Posts Tagged ‘family’

Traveling with Kids: Building a Foundation of Learning
Friday, June 28th, 2013

Rainer Jenss was a Vice President and thirteen-year veteran of National Geographic. As the Publisher, he helped transform National Geographic Kids into the most widely read consumer magazine for children throughout the world. In the summer of 2008 he decided to put his professional expertise and personal passion to the ultimate test by traveling around the world for a year with his family.

Rainer continues to report on family travel as a Special Correspondent for National Geographic Traveler’s Intelligent Travel Blog and shares with us why traveling is a great way to build a foundation of learning in your children.

Kyoto, Japan

If you’re reading this post, you’ve probably fantasized about quitting your job, packing a suitcase, and leaving town for a while to travel the world. When we first got married, my wife Carol and I often contemplated taking the leap — sometimes seriously, sometimes not. There always seemed to be some excuse why we couldn’t, wouldn’t or shouldn’t. Our careers, responsibilities, and commitments had to be considered, and how about what our friends and family would say? It was always something. Then after the birth of our sons Tyler and Stefan, all this talk about packing our bags seemed to suddenly fade away. After all, you can’t possibly do something like this with kids, right?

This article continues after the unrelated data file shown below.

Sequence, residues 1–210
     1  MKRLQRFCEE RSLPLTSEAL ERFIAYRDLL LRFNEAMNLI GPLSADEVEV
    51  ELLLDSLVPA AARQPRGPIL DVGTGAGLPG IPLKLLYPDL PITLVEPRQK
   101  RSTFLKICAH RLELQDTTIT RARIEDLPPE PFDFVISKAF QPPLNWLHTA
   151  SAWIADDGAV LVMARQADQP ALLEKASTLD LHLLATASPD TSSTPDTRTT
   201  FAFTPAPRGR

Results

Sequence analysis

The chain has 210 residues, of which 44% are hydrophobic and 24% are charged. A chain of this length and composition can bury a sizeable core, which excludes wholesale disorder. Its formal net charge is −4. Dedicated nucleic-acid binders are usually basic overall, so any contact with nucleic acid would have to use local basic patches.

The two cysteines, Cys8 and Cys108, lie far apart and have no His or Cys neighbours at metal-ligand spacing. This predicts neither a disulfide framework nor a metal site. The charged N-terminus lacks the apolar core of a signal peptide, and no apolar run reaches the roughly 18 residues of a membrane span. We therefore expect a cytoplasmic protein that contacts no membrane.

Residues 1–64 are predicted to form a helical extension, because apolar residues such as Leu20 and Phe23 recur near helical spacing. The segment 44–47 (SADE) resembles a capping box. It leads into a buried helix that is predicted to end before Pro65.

If we teach our children to travel, we thought, then they will travel to learn –
a foundation that they will carry with them for the rest of their lives.

In January 2004, it all came roaring back. I had just returned with the family from Europe after visiting relatives for the holidays when Carol and I started reflecting on how much the boys (then seven and four) seemed to enjoy the experience of being in another country. Couple that with the post-9/11 mood of a country that was getting deeper into a war in Iraq and isolating itself more from the rest of the world, and suddenly it dawned on us that taking a year off to travel the world might actually be more sensible now that we had children. Increasingly, we found ourselves looking at taking a year off to travel not from the perspective of what we had to lose, but from all the benefits we could gain.